I met my husband, Abbas, in Dubai. He lived in Australia and was visiting his cousins there. During five years as a pharmacy student in London, I had eagerly watched Neighbors along with the rest of Britain, but I never thought I would marry an Aussie! Abbas’s family had migrated from Tanzania to the Illawarra in the mid-1970s, and he had grown up playing cricket and believing in a fair chance.
His mother was also the best cook of samosas and biriani in town, and friends who stopped by after school or work were well fed. Indian groceries were hard to come by at the time, let alone East African ingredients, so they drove to Bondi to stock up on them for months at a time. She was innovative, finding substitutes for hard-to-find ingredients and shortcuts to cooking methods, and she kept all these recipes in her head.
For fifty years my own mother has kept a book in which she writes down her favorite recipes and also pastes clippings from newspapers. Later I started something similar with my mother’s recipes, which were sent in blue airmail letters when I moved to Australia, and my mother-in-law’s recipes, which I learned by cooking alongside her. It’s falling apart now, but I love flipping through all those different handwritings.
My recipe for kalimati comes from my mother-in-law. This fried sweet is the quintessential East African treat to go hand in hand with your first cup of tea during iftar time. The batter uses yogurt to give it a flavor. Once the batter has risen, small balls are dripped into hot oil and fried, then covered with sticky syrup to sweeten them. The first crunch of kalimati launches you straight into a cushiony, chewy interior.
Our iftar starts with the usual date, then a cup of tea and a kalimati – or two (it’s almost impossible to stop at one!). Over the years I have made kalimati so many times during Ramadan that I no longer need the recipe. I think that’s a real sign that a dish is becoming a fixture on the family table.
For the batter
1 cup white flour
2 heaping tablespoons of rice flour
2 heaping tablespoons of yogurtpreferably sour yogurt
3/4 tsp yeast
1 1/2 cups warm water
Vegetable oil† to fry
For the syrup
1 cup sugar
¾ cup water
pinch of saffron
Pinch of cardamom seeds
To make the kalimati batter, put all the dry ingredients in a large mixing bowl, add the yogurt and a cup of water. Mix the wet ingredients into the dry ingredients with your fingers, then slowly add more water as needed, keeping your fingers together and whisking into the batter. You may not need the full cup and a half of water to get the required consistency, which is stretchy, looser than cake batter, but not runny. The batter will come together quickly as you mix it. When it’s the right consistency, cover the batter with cling film and let it rise in a warm place for a few hours.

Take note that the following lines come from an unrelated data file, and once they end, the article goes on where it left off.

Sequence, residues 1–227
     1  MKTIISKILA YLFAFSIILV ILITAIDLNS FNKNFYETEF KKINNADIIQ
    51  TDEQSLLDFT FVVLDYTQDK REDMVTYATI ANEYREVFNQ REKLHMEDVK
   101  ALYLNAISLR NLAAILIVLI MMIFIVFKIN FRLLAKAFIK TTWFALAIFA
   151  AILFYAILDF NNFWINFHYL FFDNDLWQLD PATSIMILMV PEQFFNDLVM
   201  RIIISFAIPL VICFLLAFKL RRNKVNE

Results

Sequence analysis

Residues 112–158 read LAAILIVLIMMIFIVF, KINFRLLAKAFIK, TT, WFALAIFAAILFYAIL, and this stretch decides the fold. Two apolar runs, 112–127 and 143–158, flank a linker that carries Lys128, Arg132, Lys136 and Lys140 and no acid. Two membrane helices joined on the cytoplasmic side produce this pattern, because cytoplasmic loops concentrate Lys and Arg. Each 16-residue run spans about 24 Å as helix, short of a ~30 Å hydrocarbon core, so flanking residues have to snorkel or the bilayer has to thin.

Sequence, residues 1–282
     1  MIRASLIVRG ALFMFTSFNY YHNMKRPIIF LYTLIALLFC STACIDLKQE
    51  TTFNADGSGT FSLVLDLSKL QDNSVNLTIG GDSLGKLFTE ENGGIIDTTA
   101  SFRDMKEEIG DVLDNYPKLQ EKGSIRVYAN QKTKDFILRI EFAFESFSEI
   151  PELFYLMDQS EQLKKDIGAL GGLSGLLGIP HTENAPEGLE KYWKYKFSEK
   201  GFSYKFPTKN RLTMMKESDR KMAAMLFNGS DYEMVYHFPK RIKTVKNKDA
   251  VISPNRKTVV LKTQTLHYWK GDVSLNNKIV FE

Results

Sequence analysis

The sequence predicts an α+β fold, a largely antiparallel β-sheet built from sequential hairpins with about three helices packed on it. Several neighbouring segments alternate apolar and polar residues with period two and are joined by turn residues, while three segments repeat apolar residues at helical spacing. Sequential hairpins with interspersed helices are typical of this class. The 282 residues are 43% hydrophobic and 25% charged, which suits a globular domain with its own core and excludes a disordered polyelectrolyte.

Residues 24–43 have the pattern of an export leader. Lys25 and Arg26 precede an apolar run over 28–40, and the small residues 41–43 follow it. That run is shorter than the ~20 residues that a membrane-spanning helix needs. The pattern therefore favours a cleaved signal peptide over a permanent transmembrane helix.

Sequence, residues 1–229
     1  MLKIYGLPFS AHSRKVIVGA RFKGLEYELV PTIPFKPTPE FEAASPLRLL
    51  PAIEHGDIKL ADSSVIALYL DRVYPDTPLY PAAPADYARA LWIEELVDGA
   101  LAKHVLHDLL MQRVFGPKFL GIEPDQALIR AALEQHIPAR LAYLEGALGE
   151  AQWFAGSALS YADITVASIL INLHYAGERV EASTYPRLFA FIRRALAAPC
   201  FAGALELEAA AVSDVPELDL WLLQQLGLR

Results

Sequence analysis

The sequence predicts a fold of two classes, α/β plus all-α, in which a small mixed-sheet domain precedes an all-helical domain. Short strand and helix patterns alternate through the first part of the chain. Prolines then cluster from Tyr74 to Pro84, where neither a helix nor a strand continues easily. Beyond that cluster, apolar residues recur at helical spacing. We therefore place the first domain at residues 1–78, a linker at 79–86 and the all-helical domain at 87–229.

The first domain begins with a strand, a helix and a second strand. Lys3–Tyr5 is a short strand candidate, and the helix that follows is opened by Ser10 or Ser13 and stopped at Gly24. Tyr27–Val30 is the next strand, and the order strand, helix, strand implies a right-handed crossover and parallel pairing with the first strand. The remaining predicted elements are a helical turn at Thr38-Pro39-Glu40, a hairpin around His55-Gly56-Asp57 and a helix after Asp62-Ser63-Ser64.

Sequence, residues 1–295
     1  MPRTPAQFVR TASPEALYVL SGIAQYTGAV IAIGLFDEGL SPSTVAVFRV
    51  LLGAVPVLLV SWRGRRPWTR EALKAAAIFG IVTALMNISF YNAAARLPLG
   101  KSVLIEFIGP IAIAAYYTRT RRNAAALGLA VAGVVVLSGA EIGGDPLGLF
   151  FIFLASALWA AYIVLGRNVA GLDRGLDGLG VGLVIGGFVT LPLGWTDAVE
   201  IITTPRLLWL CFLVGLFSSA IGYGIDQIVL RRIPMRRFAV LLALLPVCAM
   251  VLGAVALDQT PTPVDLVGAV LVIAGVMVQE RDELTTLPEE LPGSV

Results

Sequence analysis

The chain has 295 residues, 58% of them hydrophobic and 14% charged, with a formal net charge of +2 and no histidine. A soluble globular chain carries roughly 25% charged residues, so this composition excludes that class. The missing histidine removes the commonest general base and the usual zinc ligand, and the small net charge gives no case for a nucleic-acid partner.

Meanwhile, make the syrup by heating the water and sugar in a saucepan until it starts to boil. Crush the saffron threads between your fingers and crush the cardamon seeds with the back of a wooden spoon before adding them both to the syrup. Stir the syrup a few times and remove from heat if it becomes sticky. To test the consistency, make sure the syrup is cool enough to touch, take out a teaspoon of the syrup and gently dip your index finger in it. If you quickly press your finger against your thumb, the syrup should be sticky enough to form one strand. Alternatively, the syrup should be sticky enough to coat the back of a teaspoon.
The batter is ready when it has become bubbly and laced.
To fry the kalimati, heat oil in a wok over medium heat. The temperature is right when a dollop of batter that has fallen into the oil immediately rises to the surface. Use a lightly oiled round teaspoon or ladle to drop seven or eight balls of the batter into the oil, taking care not to overcrowd the wok.
Reduce the heat to low and stir the balls with a slotted spoon so that they color evenly. When golden brown, remove from oil, strain well and drop into cooled syrup, stirring to coat. Remove and place on a serving platter and continue baking the rest of the batter. When all the kalimati are fried, serve them on a platter and pour over the remaining syrup.
If possible, leave them in the syrup for some time to let the flavor infuse.
Make a cup of tea and enjoy two, or maybe three.
Tagrid Ahmad is best known as ‘Mama Ghanouj’. Her popular food blog shows how traditional dishes can be made faster and cheaper. You can follow her on Instagram at @mamaghanouj_kitchen† You can av . lookideo version of her polenta cake recipe here†
Zohra Aly was born in Kenya in the 1970s. She is a trustee and directs Saturday School at the Imam Hasan Center in Annangrove, Sydney’s North West. She is a writer and former pharmacist and is currently working on a novel. She is married with four children and two Burmese cats.
You can find this recipe and over 60 other Australian-Islamic recipes and stories from 21 different countries on the Recipes for Ramadan website; and follow the project Instagram† facebook and YouTube†